If you are an REO industry insider, chances are you have heard the term Daisy Chain more than once. So what exactly is a Daisy Chain, you ask? According to Websters dictionary, a daisy chain is a string of daisies with stems linked to form a chain. Who are these People in the Daisy Chain?
The typical culprits in the Daisy Chain are real estate agents and mortgage brokers. Many of these Realtors and mortgage brokers have come upon hard times, and their usual source of income has been reduced or wiped out entirely as a result of the real estate melt down. As a result, they often think getting involved in brokering REO pools will be a fast way to make money. The reality is that very few ever close any deals and most end up wasting their time as well as others. Dont get me wrong, many of these brokers are smart, well-meaning people, but unfortunately, they end up creating the Daisy Chain and make it difficult for real buyers and sellers to connect.
Daisy Chain Sample
A typical Daisy Chain might look like this: Wealthy individual from New York (lets call him Bob) decides that now is the time to buy foreclosed homes. He has 5 million available to purchase, he goes on LinkedIn and finds someone who has real product direct with seller. This person it turns out is Realtor somewhere in Oklahoma and has a Hotmail email account (first bad sign). The truth is, the Realtor doesn't have the direct contact, but knows someone else (lets call him Joe) from LinkedIn or another web site who swears they are direct. Joe is direct, but the person he is direct with, Joe never really vetted to make sure they really have the product to sell.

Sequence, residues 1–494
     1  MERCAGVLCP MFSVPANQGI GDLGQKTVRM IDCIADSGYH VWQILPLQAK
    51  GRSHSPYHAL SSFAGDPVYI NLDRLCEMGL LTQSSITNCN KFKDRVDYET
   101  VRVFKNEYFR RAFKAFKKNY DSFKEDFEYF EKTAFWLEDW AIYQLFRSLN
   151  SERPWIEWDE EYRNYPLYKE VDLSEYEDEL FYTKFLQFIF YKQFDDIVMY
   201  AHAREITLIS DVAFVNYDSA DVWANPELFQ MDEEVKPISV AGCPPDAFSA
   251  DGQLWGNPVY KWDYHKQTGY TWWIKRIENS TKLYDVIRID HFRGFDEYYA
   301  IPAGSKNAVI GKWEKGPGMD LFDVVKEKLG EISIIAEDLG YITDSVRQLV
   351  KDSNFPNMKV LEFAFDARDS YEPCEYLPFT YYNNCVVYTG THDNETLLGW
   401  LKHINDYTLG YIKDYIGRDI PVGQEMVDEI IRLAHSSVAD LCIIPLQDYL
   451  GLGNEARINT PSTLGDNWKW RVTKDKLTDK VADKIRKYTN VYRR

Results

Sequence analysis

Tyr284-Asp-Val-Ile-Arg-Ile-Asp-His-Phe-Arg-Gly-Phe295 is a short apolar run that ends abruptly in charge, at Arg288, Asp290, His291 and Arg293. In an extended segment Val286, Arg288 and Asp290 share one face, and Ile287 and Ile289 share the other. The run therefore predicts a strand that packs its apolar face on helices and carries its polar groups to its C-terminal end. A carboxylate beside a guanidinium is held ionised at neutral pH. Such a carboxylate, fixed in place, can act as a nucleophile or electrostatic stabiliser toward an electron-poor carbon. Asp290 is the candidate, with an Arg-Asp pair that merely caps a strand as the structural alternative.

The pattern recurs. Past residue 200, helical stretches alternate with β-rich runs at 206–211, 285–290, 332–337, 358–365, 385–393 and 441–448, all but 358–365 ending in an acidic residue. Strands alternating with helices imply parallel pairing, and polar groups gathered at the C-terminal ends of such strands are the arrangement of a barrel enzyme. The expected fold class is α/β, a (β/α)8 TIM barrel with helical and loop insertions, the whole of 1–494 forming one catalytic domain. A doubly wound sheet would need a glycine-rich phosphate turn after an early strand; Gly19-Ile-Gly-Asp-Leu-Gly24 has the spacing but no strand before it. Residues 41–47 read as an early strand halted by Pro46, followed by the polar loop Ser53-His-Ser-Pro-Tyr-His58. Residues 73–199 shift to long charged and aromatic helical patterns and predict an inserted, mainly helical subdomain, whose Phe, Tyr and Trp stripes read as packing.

Lots of paperwork gets signed, non- disclosures and non-competes, commission agreements before Joe (seller) can speak to Bob (the buyer). Assuming this paperwork gets signed, there is about a 50% chance an actual call takes place. If there is a call, there usually will be the buyer and seller and all the middlemen on the call. What happens after that unfortunately is almost always nothing. The reason nothing happens is because no one bothered to really see if the buyer and seller were capable of producing.
Avoiding the Daisy Chain
If you are a seller or a buyer the best thing to do is to deal direct with other sellers and buyers. Easier said than done, but try to stay away from middleman unless they have been in the industry of brokering foreclosed pools or notes for at least 5 years. If they have not, ask them to prove to you that they have transacted deals in the past. This will at least show that they know what they are doing and have been successful in the past.